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Re:Krisnamurti and nihilism

Apr 16, 1998 04:08 AM
by Dallas TenBroeck

April 16th 1998

Dear Bjorn:

Guru-chela relationship

(I use the ULT Edition -- my quote is between pp 66 - 76)
that the highest principles in every man represent his link with
the Universal Spiritual SELF of all.

In other words the "Guru" is interior to his existing
consciousness. As evidence the Voice of Conscience and Intuition
are advanced. The moral/ethical sense we all have is also cited
as a basis for comparing the decisions we make with an ideal --
if we are truly interested in seeking to live an "ideal" life.

The "personal (embodied mind-self)" is the "chela." The Higher
SELF is the "Guru."

This concept is for ever externalized, as we all acknowledge that
information and ideas are picked up from others: our parents,
teachers, friends, and through experience.

If we take the idea that man is essentially a moral being and
that the fight for recognition of this fact occurs ( as the
BHAGAVAD GITA suggests ) in the mind of each of us -- the "War"
between the Higher and the Lower Self -- then it is a balancing
of decisions between our "needs" and our "wants" as Maslow would
say, that is the growing point of our individual progress -- or
so I would see it.


>From: "Bjorn Roxendal" <>
>Date: Tuesday, April 14, 1998 11:54 AM
>Subject: Re:Krisnamurti and nihilism

>Thoa Tran wrote:
>> The pervasive idea was that in order for
>> spiritual growth to occur, you have to have a teacher-chela
>And the idea of the Guru - chela relationship was clearly
subscribed to by K and
>M, as well as the other adepts behind the TS. When K turned
against the
>guru-chela relationship he turned against his own teachers/gurus
and the plan he
>was a part of.
>> I'm sure that due to such an environment, there were
>> probably a lot of abuse of power going on. K was there to
say, stop, think
>> about this, this does not have to be, you can believe in
yourself, you
>> don't have to give your power to somebody else and the power
can be all
>> yours.
>You are probably right that K saw misuse of "guru" power, as
well as misuse of
>the discipleship role. Throwing the baby out with the bath water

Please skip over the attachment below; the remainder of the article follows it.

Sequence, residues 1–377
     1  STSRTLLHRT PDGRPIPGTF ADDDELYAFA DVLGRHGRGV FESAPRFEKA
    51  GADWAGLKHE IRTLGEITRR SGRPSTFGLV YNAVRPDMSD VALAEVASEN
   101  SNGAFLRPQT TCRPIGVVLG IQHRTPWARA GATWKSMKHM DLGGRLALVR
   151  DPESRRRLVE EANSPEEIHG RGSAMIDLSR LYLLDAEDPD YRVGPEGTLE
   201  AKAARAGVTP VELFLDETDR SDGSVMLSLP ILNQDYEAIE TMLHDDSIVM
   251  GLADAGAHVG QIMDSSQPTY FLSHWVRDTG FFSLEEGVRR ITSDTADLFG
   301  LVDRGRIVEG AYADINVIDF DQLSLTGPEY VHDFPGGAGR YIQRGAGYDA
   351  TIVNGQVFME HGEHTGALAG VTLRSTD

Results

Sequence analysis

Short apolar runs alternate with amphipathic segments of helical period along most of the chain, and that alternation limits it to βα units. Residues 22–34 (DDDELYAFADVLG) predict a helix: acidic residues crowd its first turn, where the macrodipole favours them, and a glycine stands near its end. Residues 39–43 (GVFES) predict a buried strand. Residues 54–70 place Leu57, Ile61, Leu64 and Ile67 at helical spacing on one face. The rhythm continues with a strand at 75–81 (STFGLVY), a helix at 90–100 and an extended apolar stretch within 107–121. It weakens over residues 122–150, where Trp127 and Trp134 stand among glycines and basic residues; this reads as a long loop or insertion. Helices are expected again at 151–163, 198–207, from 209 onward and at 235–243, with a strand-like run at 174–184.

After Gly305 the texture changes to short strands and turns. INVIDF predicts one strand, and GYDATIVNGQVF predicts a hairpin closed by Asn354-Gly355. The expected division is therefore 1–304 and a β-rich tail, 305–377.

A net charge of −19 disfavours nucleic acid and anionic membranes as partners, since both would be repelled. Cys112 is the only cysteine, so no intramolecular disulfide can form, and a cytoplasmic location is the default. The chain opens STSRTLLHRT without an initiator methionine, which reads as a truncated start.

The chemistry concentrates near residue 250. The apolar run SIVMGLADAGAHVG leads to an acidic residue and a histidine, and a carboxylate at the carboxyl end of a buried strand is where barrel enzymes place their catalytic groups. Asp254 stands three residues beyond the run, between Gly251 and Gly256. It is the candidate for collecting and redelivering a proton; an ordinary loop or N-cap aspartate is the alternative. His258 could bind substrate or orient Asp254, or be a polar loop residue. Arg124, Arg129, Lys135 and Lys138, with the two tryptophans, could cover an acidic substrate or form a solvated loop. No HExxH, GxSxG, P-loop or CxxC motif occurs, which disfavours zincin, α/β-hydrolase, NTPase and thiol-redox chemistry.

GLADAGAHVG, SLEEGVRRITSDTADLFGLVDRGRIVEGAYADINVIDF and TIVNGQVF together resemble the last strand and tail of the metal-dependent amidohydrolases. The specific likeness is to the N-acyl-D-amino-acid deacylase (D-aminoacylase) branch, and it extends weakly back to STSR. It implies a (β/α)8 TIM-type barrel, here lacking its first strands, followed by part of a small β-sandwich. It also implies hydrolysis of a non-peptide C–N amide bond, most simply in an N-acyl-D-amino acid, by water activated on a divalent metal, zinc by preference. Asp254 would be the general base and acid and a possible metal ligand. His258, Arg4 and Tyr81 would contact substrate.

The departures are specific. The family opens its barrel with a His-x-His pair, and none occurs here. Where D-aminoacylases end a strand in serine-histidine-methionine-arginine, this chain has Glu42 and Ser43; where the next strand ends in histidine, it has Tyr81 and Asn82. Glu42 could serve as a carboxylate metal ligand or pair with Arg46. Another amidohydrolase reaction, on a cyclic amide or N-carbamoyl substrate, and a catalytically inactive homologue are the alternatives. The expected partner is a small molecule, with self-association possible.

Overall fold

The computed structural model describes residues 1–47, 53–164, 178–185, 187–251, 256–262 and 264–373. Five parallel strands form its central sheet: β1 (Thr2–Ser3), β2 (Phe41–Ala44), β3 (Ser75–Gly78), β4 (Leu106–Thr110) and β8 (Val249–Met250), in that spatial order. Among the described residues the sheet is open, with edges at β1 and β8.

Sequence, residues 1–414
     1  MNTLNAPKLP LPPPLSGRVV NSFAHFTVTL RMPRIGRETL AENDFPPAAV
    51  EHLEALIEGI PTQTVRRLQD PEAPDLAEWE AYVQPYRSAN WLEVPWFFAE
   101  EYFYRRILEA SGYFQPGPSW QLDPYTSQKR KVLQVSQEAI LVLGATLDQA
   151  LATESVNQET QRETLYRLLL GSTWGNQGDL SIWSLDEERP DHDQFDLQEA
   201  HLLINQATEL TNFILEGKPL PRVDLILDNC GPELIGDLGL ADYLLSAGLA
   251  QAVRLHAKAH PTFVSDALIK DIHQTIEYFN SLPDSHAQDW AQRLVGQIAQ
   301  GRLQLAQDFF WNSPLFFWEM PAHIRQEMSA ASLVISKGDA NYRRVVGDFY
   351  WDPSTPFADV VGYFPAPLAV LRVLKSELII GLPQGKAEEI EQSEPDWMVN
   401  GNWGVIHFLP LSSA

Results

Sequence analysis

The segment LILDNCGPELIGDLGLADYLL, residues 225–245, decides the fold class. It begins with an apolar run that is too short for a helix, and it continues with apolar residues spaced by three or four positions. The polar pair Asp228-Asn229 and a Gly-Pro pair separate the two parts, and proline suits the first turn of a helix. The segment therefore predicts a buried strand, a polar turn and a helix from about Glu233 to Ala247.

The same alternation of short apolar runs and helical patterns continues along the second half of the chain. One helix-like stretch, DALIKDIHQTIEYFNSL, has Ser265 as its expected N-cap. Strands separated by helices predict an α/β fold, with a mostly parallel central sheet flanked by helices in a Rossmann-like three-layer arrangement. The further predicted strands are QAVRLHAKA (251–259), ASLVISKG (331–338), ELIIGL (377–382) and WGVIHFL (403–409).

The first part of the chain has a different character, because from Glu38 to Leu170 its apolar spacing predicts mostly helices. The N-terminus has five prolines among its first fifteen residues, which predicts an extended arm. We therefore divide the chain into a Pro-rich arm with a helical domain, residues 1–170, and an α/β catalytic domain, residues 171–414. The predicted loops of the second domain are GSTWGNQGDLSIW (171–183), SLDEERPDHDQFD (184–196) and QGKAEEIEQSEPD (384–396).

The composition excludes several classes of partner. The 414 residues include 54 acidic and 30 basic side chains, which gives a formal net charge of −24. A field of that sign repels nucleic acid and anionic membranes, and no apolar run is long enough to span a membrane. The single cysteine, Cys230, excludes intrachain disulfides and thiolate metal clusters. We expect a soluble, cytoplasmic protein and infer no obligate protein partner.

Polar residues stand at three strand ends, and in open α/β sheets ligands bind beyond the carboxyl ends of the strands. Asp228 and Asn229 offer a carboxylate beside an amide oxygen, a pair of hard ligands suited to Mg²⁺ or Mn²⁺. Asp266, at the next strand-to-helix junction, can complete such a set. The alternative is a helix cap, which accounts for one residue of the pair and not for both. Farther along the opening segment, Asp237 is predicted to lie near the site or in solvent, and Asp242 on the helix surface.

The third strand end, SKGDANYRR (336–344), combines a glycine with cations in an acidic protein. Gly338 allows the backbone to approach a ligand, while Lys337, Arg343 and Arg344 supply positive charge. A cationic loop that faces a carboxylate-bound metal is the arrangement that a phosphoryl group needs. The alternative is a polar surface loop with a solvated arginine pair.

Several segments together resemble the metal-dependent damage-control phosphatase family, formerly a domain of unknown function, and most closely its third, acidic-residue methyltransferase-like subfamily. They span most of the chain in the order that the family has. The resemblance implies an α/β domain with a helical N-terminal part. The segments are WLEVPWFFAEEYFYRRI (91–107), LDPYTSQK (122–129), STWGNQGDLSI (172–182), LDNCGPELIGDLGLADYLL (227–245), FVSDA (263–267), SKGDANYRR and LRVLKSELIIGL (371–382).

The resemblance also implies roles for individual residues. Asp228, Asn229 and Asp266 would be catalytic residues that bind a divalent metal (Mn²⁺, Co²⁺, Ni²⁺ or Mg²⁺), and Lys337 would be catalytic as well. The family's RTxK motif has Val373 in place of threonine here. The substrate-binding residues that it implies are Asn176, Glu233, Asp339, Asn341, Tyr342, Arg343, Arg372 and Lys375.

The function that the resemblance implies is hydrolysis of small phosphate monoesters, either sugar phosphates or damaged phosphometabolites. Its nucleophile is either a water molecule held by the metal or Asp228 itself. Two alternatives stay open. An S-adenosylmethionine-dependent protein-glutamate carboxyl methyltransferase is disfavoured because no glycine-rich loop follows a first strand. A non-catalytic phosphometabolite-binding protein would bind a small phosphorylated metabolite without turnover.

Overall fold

is not a good
>solution, though.
>> A Guru has a much stronger hold. From what I've
>> heard of some Guru-Chela relationship, it requires a total
devotion to the
>> Guru,
>I remember reading some interesting passages by K in the Mahatma
letters, about
>the guru-chela relationship. Perhaps I should try to find them.
His statements
>did confirm some of what you say about the "strong" position of
the Guru.
>to the point where the Chela will follow the Guru wherever the
>> goes, and unquestionably follows the advice of the Guru.
Guru-ship has a
>> separation factor. The followers are all in one narrow circle
with the
>> Guru as the center. With that, self-generated experiences and
ideas can
>> occur, whether it is true or not. Following a Guru does not
>> help you get rid of your lower ego factor. Guruship also drew
>> people intent on "spiritualizing" themselves.
>> Since my study focus has been on concepts and not history, I'm
not sure
>> about K's relationship to his devotees. I wonder whether he
was waited on
>> hand and foot by devotees as Llhem said.
>Maybe Govert or someone else who has been closer to K can
enlighten us?
>> I cannot dispute your personal experiences with K's
philosophy. Each
>> person has to find what is best for him/her. If K's
philosophy did not
>> work for you, then it was best to find something else.
>I guess we can argue about this forever, only that you are far
too nice for that
>being any fun for me. I actually think K's "therapeutic method"
worked quite
>well for me. But I didn't like the results. The bottom line is
that my
>conclusion is that K is not in the "right" place as far as
consciousness and
>vibration. He is not in sync with the cosmic order, to put it
>> For some others,
>> however, it was highly fulfilling, or else he would not have
>There are many pretty strange gurus and leaders who have plenty
of followers,
>all the way to a Hitler and other Black magicians. Many of their
followers would
>say that being such is "highly fulfilling", so that does not
prove too much.
>> The self-sufficiency part may be appealing to the lower ego,
but it is also
>> a defensive measure against any claim of power of others over
the self.
>Ultimately we make something our God. Following K's teachings,
what would it be?
>> >With this I will not argue. You may not have the weaknesses
that K had and may
>> >very well be doing better than he did!
>> You know that HPB was supposed to come back sometime about
>> Well...ahem...;o)
>You DEFINITELY seem to lack many of the undesirable traits of
HPB. Try again!
consisting of

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